Study Shows Electronic Tracking Helps Reduce Blood Transfusions, Infection Rates

An electronic system developed and implemented by Intermountain Healthcare that monitors how physicians give blood to patients after a surgical operation has enabled the healthcare system to significantly reduce the amount of blood transfusions patients receive, cutting costs by $2.5 million over two years and contributing to lower infection rates without harming patients, according to a new study presented Wednesday at the 2015 Clinical Congress of the American College of Surgeons.

Intermountain Healthcare implemented the blood ordering and tracking system, along with a robust program to educate hospital staffs in 2012, to streamline blood transfusion protocols across its system, explains study co-author Mark J. Ott, MD, FACS, a surgeon and surgical oncologist at Intermountain Medical Center, who serves as chief medical director of Intermountain Healthcare's central region, which includes Intermountain Medical Center, the system's flagship facility.

Ott and his colleagues presented results of the study to the 2015 Clinical Congress of the American College of Surgeons on Wednesday.

"Blood is a drug, and everybody realizes blood does some wonderful things, but we don't teach our students and residents in training how dangerous blood really is," Ott says in explaining the rationale for the program. Transfused packed red blood cells act to suppress a recipient's immune system, Ott explains. "Therefore, their risk of infection goes up, something that's been documented in multiple studies."

The 22 Intermountain Healthcare hospitals located throughout Utah and Idaho include trauma centers, small rural hospitals, and large community medical centers. Intermountain employs approximately 1,200 physicians and 550 advanced practice clinicians, such as physician assistants and nurse practitioners. Another 3,000 to 4,000 independent physicians have privileges at Intermountain hospitals.

In 2011, six percent of all patients at Intermountain facilities received blood; today, only four percent do so, according to Ott. "So, a third of our patients didn't get blood who used to. That's a giant change," he says. "That's tens of thousands of units of blood a year that didn't get used." Study authors report that each unit of blood costs about $300.

Before the program started, Intermountain facilities transfused almost 50 units of blood per 1,000 patient days. By June of this year, that rate had declined to about 35.5 units, a reduction of around 30 percent. Another significant study finding was a sharp decline in the number of patients who received two units of blood, declining from 68 percent of all transfusion orders to 23 percent, exceeding the program goal of a 25 percent reduction, Ott says.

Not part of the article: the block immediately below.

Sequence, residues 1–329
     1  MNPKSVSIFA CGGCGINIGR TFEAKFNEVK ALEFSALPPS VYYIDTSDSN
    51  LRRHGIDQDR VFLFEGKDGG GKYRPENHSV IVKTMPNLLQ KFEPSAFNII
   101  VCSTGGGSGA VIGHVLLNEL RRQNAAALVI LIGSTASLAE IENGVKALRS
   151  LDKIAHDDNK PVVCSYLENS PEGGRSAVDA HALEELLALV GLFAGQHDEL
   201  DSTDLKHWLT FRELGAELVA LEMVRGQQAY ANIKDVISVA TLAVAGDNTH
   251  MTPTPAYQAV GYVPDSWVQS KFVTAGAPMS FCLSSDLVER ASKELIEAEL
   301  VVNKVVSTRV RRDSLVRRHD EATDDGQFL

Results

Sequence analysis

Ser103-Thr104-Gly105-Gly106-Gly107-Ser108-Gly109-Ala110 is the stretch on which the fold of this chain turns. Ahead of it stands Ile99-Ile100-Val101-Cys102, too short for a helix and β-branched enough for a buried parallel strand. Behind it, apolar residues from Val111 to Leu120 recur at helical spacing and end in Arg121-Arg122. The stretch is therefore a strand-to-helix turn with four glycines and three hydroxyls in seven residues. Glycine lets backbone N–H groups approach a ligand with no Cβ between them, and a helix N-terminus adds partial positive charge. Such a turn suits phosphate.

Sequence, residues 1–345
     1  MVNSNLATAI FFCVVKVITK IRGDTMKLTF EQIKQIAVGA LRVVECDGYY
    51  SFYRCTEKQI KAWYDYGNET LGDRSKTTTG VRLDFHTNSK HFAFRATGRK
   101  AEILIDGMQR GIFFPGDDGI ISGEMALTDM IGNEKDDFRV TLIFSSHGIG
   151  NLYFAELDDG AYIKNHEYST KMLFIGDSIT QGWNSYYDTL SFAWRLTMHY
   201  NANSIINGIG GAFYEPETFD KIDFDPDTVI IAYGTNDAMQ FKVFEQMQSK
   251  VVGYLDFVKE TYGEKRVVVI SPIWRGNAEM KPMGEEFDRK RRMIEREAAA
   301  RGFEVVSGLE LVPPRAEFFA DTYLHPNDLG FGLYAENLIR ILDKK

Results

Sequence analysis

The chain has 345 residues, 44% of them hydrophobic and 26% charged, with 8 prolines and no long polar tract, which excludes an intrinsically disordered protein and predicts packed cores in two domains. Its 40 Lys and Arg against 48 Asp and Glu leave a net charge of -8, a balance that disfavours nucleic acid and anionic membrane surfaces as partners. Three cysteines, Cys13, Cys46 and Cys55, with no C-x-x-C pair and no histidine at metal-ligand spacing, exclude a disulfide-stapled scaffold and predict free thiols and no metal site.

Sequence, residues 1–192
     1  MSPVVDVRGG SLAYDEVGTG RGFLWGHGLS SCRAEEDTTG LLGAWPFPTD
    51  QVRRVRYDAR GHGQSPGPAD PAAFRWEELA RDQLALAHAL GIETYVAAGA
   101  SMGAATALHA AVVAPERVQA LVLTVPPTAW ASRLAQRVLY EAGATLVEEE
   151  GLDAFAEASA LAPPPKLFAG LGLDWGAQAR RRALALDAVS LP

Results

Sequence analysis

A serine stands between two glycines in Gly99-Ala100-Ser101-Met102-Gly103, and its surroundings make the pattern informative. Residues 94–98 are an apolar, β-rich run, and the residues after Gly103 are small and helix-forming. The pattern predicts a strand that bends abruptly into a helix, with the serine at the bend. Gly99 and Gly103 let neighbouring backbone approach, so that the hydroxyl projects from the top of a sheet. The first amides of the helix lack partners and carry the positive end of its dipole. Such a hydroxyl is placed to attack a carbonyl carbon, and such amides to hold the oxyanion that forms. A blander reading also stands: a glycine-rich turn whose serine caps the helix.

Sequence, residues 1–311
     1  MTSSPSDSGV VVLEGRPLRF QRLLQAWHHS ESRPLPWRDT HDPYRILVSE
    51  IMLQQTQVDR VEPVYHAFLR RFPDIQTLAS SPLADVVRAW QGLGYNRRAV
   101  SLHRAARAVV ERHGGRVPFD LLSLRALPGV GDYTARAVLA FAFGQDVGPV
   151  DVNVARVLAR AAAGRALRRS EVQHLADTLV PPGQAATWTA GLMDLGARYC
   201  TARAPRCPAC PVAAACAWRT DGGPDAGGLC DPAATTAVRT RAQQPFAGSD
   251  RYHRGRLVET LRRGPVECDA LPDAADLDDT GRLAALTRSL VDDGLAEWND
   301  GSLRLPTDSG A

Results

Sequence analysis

"In medicine, there had been a mantra: 'If you're going to give one unit of blood, give two,'" he adds.

Rates of hospital-acquired infections for both the general hospital population and patients who received blood declined significantly since Intermountain adopted the blood-tracking system. The overall infection rate was cut in half, from a rate of 1.66 to 0.81 per 1,000 patient days, while among patients who did receive blood, infection rates declined around 33 percent, study authors report. The reduction in infections was also impacted by other initiatives within the health system aimed at reducing surgical site infections and ambulating patients earlier after operations.

"I cannot tell you that those decreases in hospital-acquired infections are solely due to patients receiving less blood, but it's part of the picture," Ott says. "And, we did not see worse outcomes in patients."

Physicians use testing to determine the level of plasma and corpuscles in the blood, known as hematocrit, to determine the need for a blood transfusion. Due diligence before Intermountain implemented its tracking system in 2012 showed that general surgeons, orthopedic surgeons and urologists each used different hematocrit levels to order blood. Now, Intermountain uses a consistent threshold across all disciplines for ordering blood. However, as Ott explains, physicians can still order blood for patients with counts above that threshold when they feel it is medically necessary.

Going forward, the study investigators plan to publish their findings to illustrate how the monitoring program changed physician behavior.

Coauthors of the study are Matthew Peters, RN; Craig M. Gale; Jaden D. Evans, MD; Griffin H. Olsen; Griffin Bullock; Karl Jensen; Jacob L. Henrichsen; Jeannette Prochazka, MSN; and Keith Robins, RN, all with Intermountain Healthcare.

Source: Intermountain Medical Center

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